AbstractAutomatic speaker recognition uses a person’s voice as a means of identifying them. It has many practical applications, particularly in the area of security systems. The thesis investigates the application of neural networks (both classifying and predicting) to the problem, as well as offering a new alternative to the current wide-band approach to speaker recognition.
As part of the work, a new method of ranking a speaker’s impostors is presented. It involves creating a vector quantisation (VQ) model for each potential impostor and testing this impostor model against the genuine speaker’s VQ model. The ranking of these model vs. model scores is indicative of the final ranking of the impostors, as determined by the test results. Previous methods of ranking impostors required testing the genuine speaker model with every impostor’s training utterances, which requires considerably more computation than this new method which only needs one test per impostor.
Impostor ranking has potential applications in score normalisation for models which don’t use discriminative training. Such models include predictive neural networks (PNN) and vector quantisation, which both produce a score which is the distance of the test utterance from the model. These scores may be normalised by comparing them to a distance from an anti- speaker model. Using the model vs. model impostor ranking, a cohort of impostors may be selected for each speaker to represent the anti-speaker model. A normalisation method, based on cohorts of these ranked impostors, markedly improved the verification error rates of distance models for both text-dependent and text-independent conditions.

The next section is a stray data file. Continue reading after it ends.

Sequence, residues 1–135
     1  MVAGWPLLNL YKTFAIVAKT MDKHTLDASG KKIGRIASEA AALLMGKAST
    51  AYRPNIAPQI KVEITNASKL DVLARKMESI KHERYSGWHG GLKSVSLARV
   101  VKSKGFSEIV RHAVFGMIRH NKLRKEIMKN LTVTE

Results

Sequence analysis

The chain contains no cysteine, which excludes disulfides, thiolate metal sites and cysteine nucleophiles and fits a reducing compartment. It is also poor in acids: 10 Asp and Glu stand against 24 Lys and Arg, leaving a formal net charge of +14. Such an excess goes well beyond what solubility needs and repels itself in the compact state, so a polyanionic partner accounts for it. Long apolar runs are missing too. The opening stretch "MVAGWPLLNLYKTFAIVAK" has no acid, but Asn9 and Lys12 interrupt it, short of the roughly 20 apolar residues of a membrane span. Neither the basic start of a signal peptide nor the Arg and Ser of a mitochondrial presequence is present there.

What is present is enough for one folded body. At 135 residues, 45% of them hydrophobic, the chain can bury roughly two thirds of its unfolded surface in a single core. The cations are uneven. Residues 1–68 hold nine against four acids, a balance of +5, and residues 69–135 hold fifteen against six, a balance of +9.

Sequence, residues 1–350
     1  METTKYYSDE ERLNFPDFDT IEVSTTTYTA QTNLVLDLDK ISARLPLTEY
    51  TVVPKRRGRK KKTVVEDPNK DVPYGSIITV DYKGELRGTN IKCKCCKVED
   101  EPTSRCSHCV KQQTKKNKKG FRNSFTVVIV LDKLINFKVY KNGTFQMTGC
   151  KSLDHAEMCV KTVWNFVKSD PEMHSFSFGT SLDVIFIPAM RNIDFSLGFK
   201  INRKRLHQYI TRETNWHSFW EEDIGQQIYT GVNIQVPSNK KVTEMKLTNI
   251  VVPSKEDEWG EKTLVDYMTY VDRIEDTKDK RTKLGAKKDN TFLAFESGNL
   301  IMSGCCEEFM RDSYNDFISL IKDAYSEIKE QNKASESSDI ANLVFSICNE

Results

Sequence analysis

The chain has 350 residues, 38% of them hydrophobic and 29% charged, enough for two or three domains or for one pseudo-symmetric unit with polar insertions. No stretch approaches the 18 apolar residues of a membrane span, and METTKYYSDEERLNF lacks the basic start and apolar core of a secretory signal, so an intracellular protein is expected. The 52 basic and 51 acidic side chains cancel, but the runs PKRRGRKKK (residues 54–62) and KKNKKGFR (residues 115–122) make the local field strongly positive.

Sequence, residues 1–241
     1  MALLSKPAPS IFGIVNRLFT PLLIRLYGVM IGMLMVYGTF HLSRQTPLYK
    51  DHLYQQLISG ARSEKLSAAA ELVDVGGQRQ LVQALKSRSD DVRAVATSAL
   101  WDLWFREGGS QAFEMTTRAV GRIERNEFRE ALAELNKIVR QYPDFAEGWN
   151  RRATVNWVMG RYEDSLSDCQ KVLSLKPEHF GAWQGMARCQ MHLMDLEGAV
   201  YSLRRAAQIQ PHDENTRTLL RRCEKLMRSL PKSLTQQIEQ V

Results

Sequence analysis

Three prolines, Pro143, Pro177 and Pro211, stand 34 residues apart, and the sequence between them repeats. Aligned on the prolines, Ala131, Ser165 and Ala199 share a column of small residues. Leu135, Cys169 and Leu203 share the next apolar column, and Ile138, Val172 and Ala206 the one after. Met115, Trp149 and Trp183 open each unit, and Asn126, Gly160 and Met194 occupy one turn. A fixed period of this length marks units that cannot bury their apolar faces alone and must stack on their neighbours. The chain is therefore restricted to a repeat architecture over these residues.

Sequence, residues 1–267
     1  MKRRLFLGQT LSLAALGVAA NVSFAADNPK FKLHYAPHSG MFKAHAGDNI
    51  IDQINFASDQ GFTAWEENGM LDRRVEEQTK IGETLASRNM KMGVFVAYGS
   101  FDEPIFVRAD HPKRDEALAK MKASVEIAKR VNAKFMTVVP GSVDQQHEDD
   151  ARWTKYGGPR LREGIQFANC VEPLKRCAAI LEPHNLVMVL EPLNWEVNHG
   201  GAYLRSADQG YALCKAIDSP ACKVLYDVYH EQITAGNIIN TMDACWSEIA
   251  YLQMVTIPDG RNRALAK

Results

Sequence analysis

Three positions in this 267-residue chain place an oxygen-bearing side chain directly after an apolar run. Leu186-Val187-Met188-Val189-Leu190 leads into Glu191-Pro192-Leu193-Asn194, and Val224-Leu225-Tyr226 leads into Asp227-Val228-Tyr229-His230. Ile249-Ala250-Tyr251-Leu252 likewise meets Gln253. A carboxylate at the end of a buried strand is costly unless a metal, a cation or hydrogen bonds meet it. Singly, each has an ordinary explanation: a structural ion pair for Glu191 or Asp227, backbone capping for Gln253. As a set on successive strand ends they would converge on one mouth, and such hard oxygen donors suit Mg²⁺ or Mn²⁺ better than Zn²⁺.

Further reductions in error rates may be achieved through the use of information complementary to the linear prediction cepstrum coefficients (LPCC). When the scores from a recogniser based on the LP residual are used in conjunction with those from an LPCC recogniser they lead to a drop in the identification error rate.
This concept of combining results from recognisers which focus on complementary areas of the speech signal is further developed in an approach known as sub-band processing. The sub-band processing implemented for this work is new to the field of automatic speaker recognition. It focuses on different regions of the speech signal by splitting it into 16 sub-bands based on the mel-scale, each with its own dedicated recogniser. The individual sub-bands emphasise the spectral properties of the band-limited frequency ranges, and this is reflected in the make-up of the cepstral coefficients for each sub-band. This provides a more detailed model of the speaker than the wide-band approach, which uses a single model to cover all frequencies. The final score for a test utterance is determined by combining the scores from the different sub-bands. The sub-band processing approach made significant improvements on the error rates of the wide-band system.
|Date of Award||Jul 1998|